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Court Upholds Conviction and Sentence for Alleged White Supremacist with Racist Memes on His Phone Who Killed Black Soldier and University Student in 2017


Richard Collins III (L) and Sean Urbanski (R)

Maryland’s second-highest court on Wednesday upheld the conviction and sentence of an alleged white supremacist and admirer of Adolf Hitler who murdered a Black Bowie State University student and member of the U.S. Army late one night in May 2017.

Sean Urbanski, 26, killed 23-year-old U.S. Army 1st Lieutenant Richard Collins III at a bus stop on the College Park campus of the University of Maryland by stabbing him in the chest with a knife.

There were two eyewitnesses to the crime, Blake Bender, the victim’s white friend, and Amanda Lee, an Asian woman who was waiting for a ride-share at the bus stop during the pre-dawn slaying.

The circumstances of the murder weren’t particularly disputed. As Collins, Bender, and Lee waited to catch their respective rides, Urbanski approached. The witnesses recalled that he was yelling and sounded angry. He shouted something along the lines of: “step left, step left if you know what’s good for you.” Bender and Lee both stepped aside. Collins did not, and replied, “No” when directly confronted by Urbanski, who then stabbed him once, and killed him.

During trial, the defense largely based their efforts on arguing that Urbanski – who had imbibed three to four times past the legal limit – was simply too drunk to have premeditated a murder. Attorney John McKenna argued, citing police records, that his client was too intoxicated t remember what he had done – saying police had to show him a video of the attack for the consequences to register.

The prosecution, however, argued and won on a premeditation theory. Urbanski was ultimately convicted of murder in the first degree.

Argued by the state, perhaps key to jurors’ conclusions, but certainly key to the defendant’s denied appeal, was the introduction of evidence that Urbanski harbored racial hatred for Black people.

The evidence submitted during trial showed the defendant had several racist memes on his phone. He was also a member of a racist Facebook group, since taken down, called “Alt-Reich Nation.”

Another member of the group and Urbanski’s longtime friend, from high school testified that the memes on the phone were consistent with the kind of racist posts shared in the now-defunct group.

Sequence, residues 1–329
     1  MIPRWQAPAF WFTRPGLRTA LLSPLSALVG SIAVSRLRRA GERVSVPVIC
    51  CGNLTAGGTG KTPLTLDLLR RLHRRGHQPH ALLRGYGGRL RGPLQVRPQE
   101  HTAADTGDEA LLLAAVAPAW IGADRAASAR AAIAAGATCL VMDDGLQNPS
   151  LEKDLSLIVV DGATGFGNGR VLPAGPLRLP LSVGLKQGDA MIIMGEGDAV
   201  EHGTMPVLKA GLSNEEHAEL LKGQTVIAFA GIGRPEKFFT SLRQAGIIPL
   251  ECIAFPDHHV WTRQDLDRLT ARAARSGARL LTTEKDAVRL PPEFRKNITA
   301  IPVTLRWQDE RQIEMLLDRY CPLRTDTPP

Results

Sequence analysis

Urbanski was, at some point, charged with a hate crime as well. But after his trial was delayed four times – three at the defense’s request; one at the state’s – the hate crime charge was tossed, because, Judge Lawrence Hill found, the state’s theory was “utter speculation.”

Still, the judge allowed that evidence to be relayed to jurors.

Armed with that relevant evidence, the state pressed the racial hatred angle even in the absence of the hate crime enhancement.

Prosecutor Jason Abbott said Urbanski “selected the Black man” at the bus stop and argued that it wouldn’t have mattered if Collins had gotten out of his killer’s way – as Urbanski demanded. He also explained how the defendant was “a member of a Facebook group that paid homage to Adolf Hitler,” which had “poisoned his mind.”

Dawn Collins, the victim’s mother tearfully testified to the general state of U.S. racial relations: “When I found out I was having a boy, I was instantly struck with fear. A Black man in America — oh my God.”

In his appeal, Urbanski’s attorneys argued that introducing the memes and “Alt-Reich Nation” affiliation violated the First Amendment and that jurors should not have been allowed to consider such evidence.

Three judges unanimously disagreed.

The judges explained that the memes were not just racially insensitive, but extremely so, and included suggestions to kill Black children.

From the opinion:

Notably, the memes were not just racially offensive. In addition to being racist, the memes encouraged and promoted violence against Black people by “nab[bing] . . . life points . . . when the [n-word] ain’t looking[,]” “Hit[ting] the [n-word] Baby[,]” and images stating to “consider” nooses, which has a historical significance in the killing of Black people in American history.

“Memes depicting violence against Black people constituted relevant evidence that was probative of Appellant’s intent to violently harm Lt. Collins,” the opinion goes on. “Thus, this Court holds that the contested evidence was admissible to prove motive for first-degree murder and does not violate the Appellant’s First Amendment rights.”

The state’s conviction comes somewhat poignantly.

During trial, Collins’ father, Richard Collins Jr. revealed that his own father, Richard Collins Sr., had been killed by a white man in 1954.

“He survived fighting in the Korean War only to be shot dead a few months after his honorable discharge while walking the streets of his hometown,” the grieving father told jurors, parallels obvious.

The white man in that instance was never prosecuted.

[images: Collins via U.S. Army; Urbanski via University of Maryland Police Department]

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